Designing digital tools for changemakers
You know your audiences. We ask the right questions to pin down exactly what they need, and design a tool to deliver it.
Project type: digital design
Girls Not Brides is a global partnership of more than 1,300 civil society organisations committed to ending child marriage.
Its theory of change (TOC) integrated the collective expertise of more than 150 member organisations, partners and other experts to map out the critical strategies needed to end child marriage and support married girls.
It has three parts: a visual diagram; a background brief with the insights that informed its structure and content; and a user guide to help members use the TOC in their work.
Girls Not Brides tasked us with creating a digital, interactive version. The goal was a user-friendly product that let users explore the TOC, understand how the different elements fit together, and dive deeper into additional information where needed.
A complex design challenge
This was a complex design challenge from the outset. The Girls Not Brides team had spent months developing the TOC through a participatory process with many diverse stakeholders. The result was a clear and comprehensive but very detailed document. How could we communicate this depth of information without overwhelming the user?
And they wanted much more than just a clickable version of the TOC. Though complex on first viewing, they knew that once members explored the TOC they found it very useful.
So the digital version would have to encourage that exploration – and make it easy and enjoyable.
Photo: the GNB Theory of Change documentation.
Developing a clear design brief
We knew that developing a clear, focused design brief to guide our work would be crucial. We worked with Girls Not Brides team to challenge assumptions about what the digital tool would do, keeping the focus firmly on its target audience.
The GNB team know their members best: we provided templates and training so they could develop user personas and user journeys themselves. This gave us the essential insights we needed. How would the tool be used, and in what context? What questions might a user have? What should they gain by using it?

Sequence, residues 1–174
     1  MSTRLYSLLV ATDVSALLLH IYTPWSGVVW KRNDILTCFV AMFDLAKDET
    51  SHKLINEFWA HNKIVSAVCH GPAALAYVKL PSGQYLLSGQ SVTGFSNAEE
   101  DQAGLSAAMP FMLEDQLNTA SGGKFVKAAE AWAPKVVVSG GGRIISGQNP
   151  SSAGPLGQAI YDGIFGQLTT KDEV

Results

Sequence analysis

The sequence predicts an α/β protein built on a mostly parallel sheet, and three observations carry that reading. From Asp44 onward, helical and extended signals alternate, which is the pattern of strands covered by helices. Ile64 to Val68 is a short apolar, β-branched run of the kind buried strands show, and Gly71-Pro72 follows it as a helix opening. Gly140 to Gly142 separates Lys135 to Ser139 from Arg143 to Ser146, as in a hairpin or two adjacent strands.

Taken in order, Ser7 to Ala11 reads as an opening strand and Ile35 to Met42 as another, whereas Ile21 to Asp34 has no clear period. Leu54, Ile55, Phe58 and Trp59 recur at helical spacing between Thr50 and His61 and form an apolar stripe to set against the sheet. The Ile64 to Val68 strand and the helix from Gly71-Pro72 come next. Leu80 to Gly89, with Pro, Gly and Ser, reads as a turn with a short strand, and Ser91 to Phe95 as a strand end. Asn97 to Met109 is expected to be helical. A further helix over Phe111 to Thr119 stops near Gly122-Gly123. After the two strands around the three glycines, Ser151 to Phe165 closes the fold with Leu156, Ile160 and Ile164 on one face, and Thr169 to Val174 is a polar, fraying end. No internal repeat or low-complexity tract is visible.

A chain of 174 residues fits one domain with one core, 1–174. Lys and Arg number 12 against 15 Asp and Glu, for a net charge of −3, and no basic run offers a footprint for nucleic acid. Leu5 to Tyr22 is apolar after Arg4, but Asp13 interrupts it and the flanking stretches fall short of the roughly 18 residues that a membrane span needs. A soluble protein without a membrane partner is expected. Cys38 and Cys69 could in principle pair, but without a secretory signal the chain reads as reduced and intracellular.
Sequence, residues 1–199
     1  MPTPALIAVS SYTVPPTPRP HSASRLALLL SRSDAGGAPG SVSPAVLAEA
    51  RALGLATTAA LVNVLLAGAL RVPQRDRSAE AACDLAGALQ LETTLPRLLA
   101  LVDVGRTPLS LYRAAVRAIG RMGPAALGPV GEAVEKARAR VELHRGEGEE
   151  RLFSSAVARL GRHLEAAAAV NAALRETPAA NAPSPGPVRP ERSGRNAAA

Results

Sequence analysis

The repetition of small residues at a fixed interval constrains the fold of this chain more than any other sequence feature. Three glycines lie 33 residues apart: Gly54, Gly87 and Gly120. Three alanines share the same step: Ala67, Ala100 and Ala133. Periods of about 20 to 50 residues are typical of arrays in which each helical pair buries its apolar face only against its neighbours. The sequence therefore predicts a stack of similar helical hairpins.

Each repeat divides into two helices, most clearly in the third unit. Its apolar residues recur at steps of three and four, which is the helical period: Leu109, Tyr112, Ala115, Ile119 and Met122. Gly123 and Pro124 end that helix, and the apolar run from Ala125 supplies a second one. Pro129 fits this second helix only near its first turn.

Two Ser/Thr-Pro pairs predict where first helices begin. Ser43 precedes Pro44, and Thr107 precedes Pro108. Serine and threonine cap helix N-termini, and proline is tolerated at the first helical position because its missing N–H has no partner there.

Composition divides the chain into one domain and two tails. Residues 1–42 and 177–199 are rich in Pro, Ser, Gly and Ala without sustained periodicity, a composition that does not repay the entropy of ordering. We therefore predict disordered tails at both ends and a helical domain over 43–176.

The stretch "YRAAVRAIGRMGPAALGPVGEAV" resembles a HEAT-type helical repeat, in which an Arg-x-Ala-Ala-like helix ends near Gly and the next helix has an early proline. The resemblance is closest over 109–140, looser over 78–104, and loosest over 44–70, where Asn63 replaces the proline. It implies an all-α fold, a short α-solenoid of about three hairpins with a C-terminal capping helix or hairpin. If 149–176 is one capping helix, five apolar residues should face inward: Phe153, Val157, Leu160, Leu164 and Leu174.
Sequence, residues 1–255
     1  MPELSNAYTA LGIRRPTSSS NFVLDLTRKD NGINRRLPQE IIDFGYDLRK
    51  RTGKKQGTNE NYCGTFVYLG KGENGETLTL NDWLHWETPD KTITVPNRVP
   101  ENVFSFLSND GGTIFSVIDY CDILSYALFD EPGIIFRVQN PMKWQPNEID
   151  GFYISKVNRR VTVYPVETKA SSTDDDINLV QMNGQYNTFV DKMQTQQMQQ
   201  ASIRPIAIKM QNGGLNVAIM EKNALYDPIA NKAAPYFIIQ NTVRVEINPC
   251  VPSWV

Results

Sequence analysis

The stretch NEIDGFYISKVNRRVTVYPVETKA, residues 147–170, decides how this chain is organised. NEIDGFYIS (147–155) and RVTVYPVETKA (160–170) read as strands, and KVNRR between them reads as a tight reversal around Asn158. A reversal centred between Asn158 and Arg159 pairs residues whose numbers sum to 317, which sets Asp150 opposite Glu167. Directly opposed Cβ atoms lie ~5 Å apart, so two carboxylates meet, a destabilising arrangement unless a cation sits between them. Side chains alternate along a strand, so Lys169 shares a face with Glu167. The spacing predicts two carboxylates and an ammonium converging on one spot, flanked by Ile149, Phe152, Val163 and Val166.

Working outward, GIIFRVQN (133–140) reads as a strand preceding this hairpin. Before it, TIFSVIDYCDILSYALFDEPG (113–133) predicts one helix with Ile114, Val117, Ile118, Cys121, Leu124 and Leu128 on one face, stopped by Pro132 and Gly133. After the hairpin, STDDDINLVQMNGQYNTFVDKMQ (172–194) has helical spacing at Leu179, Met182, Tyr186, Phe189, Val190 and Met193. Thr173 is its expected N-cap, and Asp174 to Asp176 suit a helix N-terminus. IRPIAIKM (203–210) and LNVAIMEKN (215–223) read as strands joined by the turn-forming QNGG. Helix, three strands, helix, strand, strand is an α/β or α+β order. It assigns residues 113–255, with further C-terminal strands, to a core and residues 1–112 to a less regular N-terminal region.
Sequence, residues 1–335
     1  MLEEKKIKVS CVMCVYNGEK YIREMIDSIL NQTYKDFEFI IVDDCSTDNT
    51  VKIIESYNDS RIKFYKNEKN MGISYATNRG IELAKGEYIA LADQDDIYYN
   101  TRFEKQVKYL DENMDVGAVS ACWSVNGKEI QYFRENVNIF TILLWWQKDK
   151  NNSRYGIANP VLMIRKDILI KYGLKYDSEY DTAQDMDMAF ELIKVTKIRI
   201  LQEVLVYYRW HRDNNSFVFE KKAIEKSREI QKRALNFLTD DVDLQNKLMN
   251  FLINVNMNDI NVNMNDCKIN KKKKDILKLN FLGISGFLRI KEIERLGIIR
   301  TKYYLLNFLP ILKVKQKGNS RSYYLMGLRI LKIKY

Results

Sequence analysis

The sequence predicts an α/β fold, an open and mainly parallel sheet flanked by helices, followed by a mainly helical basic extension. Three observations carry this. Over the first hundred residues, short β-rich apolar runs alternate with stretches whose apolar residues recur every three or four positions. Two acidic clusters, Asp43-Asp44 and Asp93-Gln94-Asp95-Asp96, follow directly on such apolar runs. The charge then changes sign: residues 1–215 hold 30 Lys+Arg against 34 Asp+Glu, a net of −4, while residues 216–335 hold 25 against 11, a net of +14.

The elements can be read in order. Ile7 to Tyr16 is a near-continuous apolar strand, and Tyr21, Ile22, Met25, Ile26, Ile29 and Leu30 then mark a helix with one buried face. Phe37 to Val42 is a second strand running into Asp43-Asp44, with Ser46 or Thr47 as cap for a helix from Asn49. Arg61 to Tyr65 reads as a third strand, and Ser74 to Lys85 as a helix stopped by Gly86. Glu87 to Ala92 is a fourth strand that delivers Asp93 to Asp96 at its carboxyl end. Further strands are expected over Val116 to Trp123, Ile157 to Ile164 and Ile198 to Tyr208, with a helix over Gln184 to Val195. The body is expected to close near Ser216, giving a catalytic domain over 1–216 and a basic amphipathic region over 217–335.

This process let us get to the essence of the brief. Above all, the tool would need to:
Allow users to easily zoom in and out to see the big picture and specific details
Allow non-linear user journeys showing how different strategies, actions and outcomes could relate to each other
Helping users navigate complexity
Our final design had three key features.
First, a ‘Russian Doll’ structure nested the key components of the theory between the problem and vision statements. As users explored any one section, they would always be aware of the other parts of the theory, how these related to each other, and the overall structure.
Second, a hideable navigation sidebar provided the user with a visual tool telling them where they are within the theory, and enabling quick access to any other part – with a single click.
Lastly, the direction users take to navigate through the theory would determine the type of information accessed. You move through the theory vertically, and access additional or supporting information horizontally.
User personas and user journeys are brilliant, but nothing beats real user feedback. A few months after launching the interactive Theory of Change, we got to run user tests with Girls Not Brides members from all over the world. Their feedback was universally positive.
Best of all were the stories from two small grassroots NGOs. Both told us how they had used our tool in meetings with donors to explain how child marriage could be ended, exactly where their work fitted into this, and the outcomes and impact they were working towards. They felt it had really helped them with successful funding applications – it was incredibly rewarding to hear that our design was having a practical, real-life impact for the work they were doing.
"Smith&Brown brought respect for and understanding of the work we were trying to communicate. They understood the need for the TOC and what the work was trying to do. They asked tough yet important questions about what was needed, understood the need for diplomacy with partners who had contributed to the TOC, and did not attempt to over simplify the resulting product. They always kept an eye on the end goal, and guided us successfully through the journey of developing a product like this."
Laura Dickinson, Communications Officer, Girls Not Brides